Researchers at Loma Linda University, in California, compared dietary patterns.

First, the details.

  • 773 adults from the Adventist Health Study 2 (a long-term study of lifestyle, diet, and disease among Seventh-day Adventists) participated.
  • Food-frequency questionnaires were used to determine dietary patterns.
  • Metabolic risk factors (HDL [good] cholesterol, triglycerides, blood sugar, blood pressure, and waist circumference) and other relevant factors were measured.

And, the results.

  • Dietary patterns were classified as vegetarian (35%), semi-vegetarian (16%), and non-vegetarian (49%).
  • A vegetarian dietary pattern was associated with significantly lower metabolic risk factors (except for HDL) and a lower risk of the metabolic syndrome vs a non-vegetarian dietary pattern.

The bottom line?

The authors concluded, “A vegetarian dietary pattern is associated with a more favorable profile of metabolic risk factors and a lower risk of metabolic syndrome. The relationship persists after adjusting for lifestyle and demographic factors.”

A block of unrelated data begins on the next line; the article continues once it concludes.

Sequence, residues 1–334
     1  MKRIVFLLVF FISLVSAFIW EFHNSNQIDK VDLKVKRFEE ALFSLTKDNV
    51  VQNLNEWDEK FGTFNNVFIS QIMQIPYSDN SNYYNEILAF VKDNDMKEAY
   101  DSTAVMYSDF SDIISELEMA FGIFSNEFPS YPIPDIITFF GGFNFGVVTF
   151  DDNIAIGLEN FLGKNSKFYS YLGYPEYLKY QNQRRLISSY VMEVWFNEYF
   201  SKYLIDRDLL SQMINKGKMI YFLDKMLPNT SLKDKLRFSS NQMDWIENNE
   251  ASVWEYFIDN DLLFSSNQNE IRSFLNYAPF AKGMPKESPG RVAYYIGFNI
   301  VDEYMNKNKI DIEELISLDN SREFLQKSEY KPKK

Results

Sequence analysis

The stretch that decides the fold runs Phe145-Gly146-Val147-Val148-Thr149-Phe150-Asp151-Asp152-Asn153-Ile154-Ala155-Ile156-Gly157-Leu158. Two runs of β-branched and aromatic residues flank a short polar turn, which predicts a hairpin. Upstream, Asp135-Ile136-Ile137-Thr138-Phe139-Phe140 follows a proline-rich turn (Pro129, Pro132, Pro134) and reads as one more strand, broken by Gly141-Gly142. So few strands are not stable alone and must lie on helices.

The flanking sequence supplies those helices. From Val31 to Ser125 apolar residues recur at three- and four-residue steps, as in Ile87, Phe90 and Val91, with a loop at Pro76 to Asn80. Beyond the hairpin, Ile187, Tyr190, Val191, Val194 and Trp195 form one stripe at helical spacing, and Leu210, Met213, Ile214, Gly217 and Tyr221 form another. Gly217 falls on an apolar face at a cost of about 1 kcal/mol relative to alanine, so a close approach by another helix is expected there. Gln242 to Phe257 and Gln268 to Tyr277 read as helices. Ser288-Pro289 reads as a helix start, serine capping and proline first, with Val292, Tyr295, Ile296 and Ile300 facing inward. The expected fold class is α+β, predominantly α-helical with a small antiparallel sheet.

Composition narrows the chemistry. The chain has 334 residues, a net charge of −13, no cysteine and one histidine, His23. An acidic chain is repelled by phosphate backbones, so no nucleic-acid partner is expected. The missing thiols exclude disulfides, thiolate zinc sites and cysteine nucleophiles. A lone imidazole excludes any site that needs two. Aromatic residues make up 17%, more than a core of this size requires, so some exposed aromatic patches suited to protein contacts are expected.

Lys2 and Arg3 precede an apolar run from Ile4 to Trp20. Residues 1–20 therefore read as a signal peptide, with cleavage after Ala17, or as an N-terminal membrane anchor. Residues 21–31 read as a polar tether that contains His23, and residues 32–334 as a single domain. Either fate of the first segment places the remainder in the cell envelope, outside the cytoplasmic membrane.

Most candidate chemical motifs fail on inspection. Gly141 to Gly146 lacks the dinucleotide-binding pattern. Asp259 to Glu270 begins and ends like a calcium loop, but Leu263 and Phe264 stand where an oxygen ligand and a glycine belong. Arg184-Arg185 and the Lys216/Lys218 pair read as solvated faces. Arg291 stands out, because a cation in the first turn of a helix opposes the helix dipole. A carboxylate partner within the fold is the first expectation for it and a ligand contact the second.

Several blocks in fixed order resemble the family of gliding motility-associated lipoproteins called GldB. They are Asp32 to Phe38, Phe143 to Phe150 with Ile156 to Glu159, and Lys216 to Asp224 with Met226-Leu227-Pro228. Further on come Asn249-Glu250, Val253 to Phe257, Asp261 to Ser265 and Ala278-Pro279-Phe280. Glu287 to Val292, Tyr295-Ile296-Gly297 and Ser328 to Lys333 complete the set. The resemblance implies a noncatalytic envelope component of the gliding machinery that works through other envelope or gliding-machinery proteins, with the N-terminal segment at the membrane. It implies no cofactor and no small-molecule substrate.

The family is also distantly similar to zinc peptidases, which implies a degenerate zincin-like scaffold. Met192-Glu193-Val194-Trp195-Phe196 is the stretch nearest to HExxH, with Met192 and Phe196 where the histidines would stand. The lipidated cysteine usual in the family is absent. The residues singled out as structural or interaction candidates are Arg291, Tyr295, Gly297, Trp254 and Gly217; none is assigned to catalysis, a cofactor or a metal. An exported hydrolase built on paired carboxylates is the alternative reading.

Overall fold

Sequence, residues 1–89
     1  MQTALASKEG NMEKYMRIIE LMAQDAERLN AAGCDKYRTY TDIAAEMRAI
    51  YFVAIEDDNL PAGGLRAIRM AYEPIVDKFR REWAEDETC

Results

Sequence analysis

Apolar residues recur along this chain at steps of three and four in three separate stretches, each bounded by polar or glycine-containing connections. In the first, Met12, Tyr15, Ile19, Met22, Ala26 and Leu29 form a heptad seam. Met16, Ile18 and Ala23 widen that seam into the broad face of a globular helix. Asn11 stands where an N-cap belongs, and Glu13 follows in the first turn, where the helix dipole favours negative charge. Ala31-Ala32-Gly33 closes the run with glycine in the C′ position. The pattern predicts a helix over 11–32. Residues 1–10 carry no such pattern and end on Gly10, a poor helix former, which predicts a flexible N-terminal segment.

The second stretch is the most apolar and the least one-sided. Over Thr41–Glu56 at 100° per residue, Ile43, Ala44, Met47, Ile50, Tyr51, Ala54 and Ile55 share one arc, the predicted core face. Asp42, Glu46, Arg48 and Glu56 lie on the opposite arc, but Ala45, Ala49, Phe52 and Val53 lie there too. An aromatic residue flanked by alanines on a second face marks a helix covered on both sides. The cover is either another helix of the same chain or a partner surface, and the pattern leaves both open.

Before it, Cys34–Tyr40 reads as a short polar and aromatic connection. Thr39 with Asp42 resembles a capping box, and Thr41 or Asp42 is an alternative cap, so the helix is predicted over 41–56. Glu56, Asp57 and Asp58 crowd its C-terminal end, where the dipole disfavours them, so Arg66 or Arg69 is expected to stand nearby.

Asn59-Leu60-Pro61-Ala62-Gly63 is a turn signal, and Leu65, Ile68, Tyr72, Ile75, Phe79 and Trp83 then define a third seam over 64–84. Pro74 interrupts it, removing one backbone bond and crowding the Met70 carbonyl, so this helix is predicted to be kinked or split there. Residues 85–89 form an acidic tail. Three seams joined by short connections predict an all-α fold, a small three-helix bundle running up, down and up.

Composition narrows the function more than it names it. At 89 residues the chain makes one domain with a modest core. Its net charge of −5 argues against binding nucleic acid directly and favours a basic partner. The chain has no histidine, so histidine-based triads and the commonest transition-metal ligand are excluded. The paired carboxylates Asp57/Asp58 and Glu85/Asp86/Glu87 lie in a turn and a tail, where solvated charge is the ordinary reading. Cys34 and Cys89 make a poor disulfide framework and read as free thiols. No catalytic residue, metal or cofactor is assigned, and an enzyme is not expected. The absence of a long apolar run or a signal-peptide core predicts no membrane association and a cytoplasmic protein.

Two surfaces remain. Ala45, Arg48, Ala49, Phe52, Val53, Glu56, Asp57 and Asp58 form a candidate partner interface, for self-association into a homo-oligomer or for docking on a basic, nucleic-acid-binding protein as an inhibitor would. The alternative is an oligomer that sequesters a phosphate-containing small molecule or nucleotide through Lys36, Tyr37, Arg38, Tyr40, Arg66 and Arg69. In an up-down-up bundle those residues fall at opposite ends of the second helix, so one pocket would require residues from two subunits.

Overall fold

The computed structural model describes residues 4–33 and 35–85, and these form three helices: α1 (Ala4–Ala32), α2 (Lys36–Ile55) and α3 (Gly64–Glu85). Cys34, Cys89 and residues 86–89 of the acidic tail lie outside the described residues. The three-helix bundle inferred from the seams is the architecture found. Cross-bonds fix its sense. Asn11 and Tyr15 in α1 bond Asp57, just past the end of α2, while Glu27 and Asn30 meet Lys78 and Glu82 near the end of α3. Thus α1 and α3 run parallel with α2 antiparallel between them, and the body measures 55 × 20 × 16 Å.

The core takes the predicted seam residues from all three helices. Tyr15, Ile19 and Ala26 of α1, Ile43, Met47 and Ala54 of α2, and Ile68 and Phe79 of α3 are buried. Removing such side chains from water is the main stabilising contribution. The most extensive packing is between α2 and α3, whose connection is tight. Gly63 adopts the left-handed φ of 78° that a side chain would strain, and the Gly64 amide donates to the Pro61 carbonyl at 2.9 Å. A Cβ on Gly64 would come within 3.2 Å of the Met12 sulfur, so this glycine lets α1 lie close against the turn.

The limitation of this study is that the researchers took only a single measure of dietary preference.

However, others have reported, “low values of insulin resistance document a beneficial effect of long-term [decade] vegetarian nutrition in prevention of metabolic syndrome, diabetes and cardiovascular disease.”

In addition, the Physicians Committee for Responsible Medicine, in Washington, DC, tells us, “Significant benefits for diabetes prevention and management have been observed with vegetarian and especially vegan diets.”

4/11/11 21:42 JR

Hi, I’m JR

John Russo, Jr., PharmD, is president of The MedCom Resource, Inc. Previously, he was senior vice president of medical communications at, a complementary and alternative medicine website.